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Investigators Doubtful That Incident at Winding River Ice Rink Was Anti-Jewish

Police Lights (Photo: Jason Rojas/Flickr)

Police Lights (Photo: Jason Rojas/Flickr)

An incident during which a man tore off his shirt and began yelling during a Jewish ice hockey league’s event at the Winding River Park skating center in Toms River is under investigation by police, and it is unclear as to whether or not the fracas may have been spurred by the ethnicity of the players.

According to police spokesman Ralph Stocco, police were alerted to the incident which occurred Saturday at 10:30 p.m. Employees at the ice rink told officers that a man, described by police as white with a shaved head and multiple tattoos, entered the rink and walked past the employees while making obscene hand gestures. His name was not divulged publicly.

The man apparently approached the ice while “taunting and making gestures towards the players,” Stocco said, and ripped off his shirt while continuing to yell. He then left in a white pickup truck 5 minutes later. The man was eventually located during a traffic stop at about 2 a.m. at the intersection of routes 37 and 166.

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Initially, the officers were told that the man may have been showing a swastika tattoo once his shirt was removed, but at the traffic stop, the man removed his shirt and there were mainly hockey-related tattoos – and no swastikas. The police officers also spoke to the employees of the rink, however they all said that they did not hear any specific comments made by the man in reference to the players.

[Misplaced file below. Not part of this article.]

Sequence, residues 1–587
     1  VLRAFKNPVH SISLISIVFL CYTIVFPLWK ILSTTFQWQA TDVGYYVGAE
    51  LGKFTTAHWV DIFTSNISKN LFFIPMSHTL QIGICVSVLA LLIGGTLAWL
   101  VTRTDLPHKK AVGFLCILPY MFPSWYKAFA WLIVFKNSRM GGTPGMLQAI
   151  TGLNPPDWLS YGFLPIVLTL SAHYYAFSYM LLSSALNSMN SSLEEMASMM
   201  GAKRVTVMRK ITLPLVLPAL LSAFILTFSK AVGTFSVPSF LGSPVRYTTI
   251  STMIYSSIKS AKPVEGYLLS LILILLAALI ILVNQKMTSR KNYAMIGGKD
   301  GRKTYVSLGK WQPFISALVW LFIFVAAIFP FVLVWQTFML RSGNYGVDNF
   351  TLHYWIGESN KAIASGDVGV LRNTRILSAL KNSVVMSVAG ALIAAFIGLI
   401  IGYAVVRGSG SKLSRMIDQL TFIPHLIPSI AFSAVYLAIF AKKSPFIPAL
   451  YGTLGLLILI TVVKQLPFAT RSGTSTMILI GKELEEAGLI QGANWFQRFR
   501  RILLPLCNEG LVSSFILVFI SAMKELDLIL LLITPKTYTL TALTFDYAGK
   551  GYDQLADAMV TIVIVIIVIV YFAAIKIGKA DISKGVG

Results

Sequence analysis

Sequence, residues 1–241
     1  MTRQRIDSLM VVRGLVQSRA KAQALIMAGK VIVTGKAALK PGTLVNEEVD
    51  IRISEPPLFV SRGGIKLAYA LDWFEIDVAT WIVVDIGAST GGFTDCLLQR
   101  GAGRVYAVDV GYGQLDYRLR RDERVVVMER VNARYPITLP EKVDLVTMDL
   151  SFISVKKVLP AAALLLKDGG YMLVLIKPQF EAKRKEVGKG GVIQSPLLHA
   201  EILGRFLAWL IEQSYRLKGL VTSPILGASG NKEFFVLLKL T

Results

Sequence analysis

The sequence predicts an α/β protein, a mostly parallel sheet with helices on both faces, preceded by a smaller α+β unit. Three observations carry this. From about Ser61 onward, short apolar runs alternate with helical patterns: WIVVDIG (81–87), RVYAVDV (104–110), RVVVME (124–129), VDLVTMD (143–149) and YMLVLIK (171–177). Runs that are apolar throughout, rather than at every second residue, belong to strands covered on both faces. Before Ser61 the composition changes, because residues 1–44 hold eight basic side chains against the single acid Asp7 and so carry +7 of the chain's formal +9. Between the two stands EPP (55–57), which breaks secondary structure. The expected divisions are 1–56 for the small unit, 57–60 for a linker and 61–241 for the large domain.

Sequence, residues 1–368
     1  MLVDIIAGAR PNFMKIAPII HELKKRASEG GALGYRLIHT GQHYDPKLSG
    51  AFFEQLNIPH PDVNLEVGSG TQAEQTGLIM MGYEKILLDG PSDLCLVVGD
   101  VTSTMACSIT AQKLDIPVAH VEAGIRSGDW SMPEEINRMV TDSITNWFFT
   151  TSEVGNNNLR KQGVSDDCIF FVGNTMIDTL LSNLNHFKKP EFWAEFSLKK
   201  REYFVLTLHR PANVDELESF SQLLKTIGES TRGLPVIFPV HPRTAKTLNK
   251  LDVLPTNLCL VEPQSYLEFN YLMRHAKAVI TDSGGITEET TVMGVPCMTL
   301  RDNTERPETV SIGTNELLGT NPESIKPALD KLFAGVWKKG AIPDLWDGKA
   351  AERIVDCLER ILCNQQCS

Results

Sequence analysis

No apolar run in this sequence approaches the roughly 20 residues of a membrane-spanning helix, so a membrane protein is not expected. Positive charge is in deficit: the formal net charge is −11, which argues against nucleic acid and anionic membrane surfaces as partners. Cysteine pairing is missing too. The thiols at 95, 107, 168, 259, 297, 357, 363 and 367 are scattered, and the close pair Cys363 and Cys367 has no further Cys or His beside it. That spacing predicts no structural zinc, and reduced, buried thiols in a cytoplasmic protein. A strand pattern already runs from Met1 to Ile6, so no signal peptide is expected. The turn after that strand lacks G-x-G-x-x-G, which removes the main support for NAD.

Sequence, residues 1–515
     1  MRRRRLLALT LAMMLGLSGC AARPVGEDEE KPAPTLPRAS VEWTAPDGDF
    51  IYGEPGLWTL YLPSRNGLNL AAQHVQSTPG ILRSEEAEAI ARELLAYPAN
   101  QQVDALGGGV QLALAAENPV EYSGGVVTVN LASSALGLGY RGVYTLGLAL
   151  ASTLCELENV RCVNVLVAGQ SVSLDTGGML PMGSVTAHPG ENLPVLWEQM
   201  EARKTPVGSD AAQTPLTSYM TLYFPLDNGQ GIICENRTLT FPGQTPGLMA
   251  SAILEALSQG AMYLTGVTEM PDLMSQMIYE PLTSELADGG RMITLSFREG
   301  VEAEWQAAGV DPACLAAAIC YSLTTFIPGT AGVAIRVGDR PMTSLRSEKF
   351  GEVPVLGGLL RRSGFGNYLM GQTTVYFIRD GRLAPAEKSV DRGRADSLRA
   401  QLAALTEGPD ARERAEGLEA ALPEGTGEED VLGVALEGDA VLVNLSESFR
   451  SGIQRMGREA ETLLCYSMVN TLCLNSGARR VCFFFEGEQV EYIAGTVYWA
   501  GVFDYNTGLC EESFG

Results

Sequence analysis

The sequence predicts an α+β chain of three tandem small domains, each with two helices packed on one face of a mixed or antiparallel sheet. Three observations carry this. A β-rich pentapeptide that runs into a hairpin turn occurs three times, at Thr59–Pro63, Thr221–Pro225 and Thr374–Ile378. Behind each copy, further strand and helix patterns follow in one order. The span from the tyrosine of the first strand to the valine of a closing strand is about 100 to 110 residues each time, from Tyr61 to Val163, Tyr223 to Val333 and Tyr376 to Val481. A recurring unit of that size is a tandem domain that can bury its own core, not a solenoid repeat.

“Several players were spoken to and they all confirm that the man was definitely out of sorts and aggressive but they heard no specific language, comments, or threats being that they were on the ice enjoying the game,” Stocco said.

When asked about the incident at the hockey rink, the man told officers he was in the area and stopped to see if his deceased friend’s jersey was still hanging at the rink. The jersey was not there, and this apparently agitated him. Additionally, he said he was not satisfied with the skill of the players on the ice. He then taunted them, at one point ripping off his shirt to show his many hockey related tattoos, Stocco said.

The officers believed that the man had no knowledge of the Jewish league on the ice at the time and his arrival was random. He was permitted to leave and the incident will be assigned to detectives who will review the case and determine the appropriate charges, if any, to be signed against the individual, Stocco said.

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